Crypto trading and investing firm Bitpanda has added commodities trading to its product suit, enabling its 2.7 million users to obtain exposure to oil, natural gas, aluminum and wheat.
The Vienna-based crypto investment app said the new offering will allow users to bet on “short-term” price movements in 30 commodities. Bitpanda has been testing numerous pilot schemes across different asset classes over the last few months, including thematic crypto indices and exchange-traded notes. But this venture will be the first that lines up with demand on anti-inflation products.
Behind the scene, Bitpanda is offering a derivative product based on the underlying commodity prices. In essence, it allows traders to bet on an exchange-traded commodity (ETC) contract that tracks the price of individual commodities.
With inflation surging around the world amid the ongoing conflict between Russia and Ukraine, Bitpanda believes that commodities can attract investors to diversify their portfolios in such an environment.
In a statement, Bitpanda CEO and co-founder Eric Demuth, said: “I’m excited we’ve been able to add commodities to the platform at a time when inflation is biting into people’s savings. Bitpanda customers can now bet against their gas bill and benefit from the short-term price movements of key commodities like oil, natural gas, corn, wheat and many more.”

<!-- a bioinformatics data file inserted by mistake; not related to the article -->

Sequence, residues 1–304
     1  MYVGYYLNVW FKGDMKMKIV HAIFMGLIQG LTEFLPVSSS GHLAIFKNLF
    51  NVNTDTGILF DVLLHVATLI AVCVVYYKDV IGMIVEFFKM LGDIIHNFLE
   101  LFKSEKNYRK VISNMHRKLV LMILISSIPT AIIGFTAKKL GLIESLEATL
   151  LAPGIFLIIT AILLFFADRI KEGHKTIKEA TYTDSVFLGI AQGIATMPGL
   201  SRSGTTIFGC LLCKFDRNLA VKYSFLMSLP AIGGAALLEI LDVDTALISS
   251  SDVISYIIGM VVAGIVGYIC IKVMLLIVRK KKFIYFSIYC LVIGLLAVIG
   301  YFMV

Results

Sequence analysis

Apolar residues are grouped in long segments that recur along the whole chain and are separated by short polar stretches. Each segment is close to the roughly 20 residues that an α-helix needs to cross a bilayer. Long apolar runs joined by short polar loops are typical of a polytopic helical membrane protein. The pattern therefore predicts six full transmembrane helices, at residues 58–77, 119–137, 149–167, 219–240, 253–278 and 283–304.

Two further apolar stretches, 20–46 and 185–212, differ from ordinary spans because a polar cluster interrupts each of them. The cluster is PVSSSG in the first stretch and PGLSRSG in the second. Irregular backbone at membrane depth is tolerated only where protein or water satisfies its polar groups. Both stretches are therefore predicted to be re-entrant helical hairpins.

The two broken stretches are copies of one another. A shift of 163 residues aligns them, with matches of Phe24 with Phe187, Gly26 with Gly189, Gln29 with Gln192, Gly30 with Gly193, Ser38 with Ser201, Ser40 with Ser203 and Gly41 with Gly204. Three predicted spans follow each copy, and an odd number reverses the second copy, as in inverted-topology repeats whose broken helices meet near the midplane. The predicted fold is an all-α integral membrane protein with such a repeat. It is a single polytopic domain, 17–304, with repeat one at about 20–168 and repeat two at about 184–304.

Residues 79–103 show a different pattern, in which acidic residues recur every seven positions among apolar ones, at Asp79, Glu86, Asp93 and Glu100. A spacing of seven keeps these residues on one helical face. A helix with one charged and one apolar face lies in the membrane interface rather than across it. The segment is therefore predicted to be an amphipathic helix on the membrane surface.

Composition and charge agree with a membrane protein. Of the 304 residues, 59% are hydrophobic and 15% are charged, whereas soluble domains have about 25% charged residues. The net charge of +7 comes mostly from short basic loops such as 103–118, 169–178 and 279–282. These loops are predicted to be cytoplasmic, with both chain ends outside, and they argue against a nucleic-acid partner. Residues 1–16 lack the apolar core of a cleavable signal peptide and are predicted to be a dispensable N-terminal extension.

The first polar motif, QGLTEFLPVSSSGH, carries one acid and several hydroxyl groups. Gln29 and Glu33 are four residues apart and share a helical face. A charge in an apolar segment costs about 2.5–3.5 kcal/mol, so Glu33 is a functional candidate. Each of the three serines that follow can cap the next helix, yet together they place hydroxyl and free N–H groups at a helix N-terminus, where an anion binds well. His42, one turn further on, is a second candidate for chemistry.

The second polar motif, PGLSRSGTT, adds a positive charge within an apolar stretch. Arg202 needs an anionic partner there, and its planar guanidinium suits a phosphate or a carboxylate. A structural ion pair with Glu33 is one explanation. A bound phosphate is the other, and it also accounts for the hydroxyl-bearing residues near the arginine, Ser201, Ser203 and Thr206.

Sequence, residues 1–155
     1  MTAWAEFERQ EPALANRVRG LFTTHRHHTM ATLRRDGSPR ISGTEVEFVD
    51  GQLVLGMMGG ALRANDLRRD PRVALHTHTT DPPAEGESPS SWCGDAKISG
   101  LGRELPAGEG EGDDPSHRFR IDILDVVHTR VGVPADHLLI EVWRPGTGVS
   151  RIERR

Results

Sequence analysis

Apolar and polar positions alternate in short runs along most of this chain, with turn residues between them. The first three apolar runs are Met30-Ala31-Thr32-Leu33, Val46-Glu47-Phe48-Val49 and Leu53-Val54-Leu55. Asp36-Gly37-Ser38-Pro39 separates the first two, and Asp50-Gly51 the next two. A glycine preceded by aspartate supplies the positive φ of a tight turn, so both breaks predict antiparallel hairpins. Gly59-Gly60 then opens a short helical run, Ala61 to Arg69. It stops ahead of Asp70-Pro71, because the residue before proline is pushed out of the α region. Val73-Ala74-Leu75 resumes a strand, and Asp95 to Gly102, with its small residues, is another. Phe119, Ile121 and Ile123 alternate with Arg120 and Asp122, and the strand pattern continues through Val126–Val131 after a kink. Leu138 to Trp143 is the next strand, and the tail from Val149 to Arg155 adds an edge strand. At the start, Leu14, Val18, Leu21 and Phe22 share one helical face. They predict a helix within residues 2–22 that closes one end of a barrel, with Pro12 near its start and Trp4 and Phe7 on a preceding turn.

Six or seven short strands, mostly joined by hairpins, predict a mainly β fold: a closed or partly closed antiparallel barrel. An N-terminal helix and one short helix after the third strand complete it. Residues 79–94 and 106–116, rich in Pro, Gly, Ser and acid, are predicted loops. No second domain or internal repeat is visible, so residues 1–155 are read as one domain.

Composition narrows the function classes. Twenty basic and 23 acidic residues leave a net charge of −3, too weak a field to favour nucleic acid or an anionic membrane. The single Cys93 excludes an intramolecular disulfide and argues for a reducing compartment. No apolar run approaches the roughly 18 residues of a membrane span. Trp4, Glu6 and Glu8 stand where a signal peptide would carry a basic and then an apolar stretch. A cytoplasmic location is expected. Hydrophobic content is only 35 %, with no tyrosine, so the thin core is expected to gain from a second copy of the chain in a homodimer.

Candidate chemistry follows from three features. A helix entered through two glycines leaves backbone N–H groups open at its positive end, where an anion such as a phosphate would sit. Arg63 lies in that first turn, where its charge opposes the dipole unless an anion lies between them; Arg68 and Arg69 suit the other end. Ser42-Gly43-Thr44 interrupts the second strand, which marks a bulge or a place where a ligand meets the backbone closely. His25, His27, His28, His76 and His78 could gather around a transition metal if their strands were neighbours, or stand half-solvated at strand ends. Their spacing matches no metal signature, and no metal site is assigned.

The news comes shortly after the Bank of Spain approved Bitpanda to act officially as a recognized virtual asset service provider (VASP) in the country.
Bitpanda, which is a Vienna-based cryptocurrency platform available in six European countries, has been the 15th firm to receive this license. The approval allows it to operate in the country after having worked with the regulator to show it fulfills the requirements defined by law.
Founded in 2014, BitPanda is a retail broker for digital assets, including more than 30 cryptocurrencies . The company claims to have onboarded more than 2.5 million users and plans to expand into real-world assets to build out a pan-European offering, with the expansion already started in France, Spain and Turkey.
The new license comes as Madrid is seeking to police crypto activities through introducing a raft of new regulations, including tougher KYC rules for digital currency transactions. Spanish authorities want to prevent anonymity in cryptocurrency transactions thereby placing a ban on anonymous crypto accounts.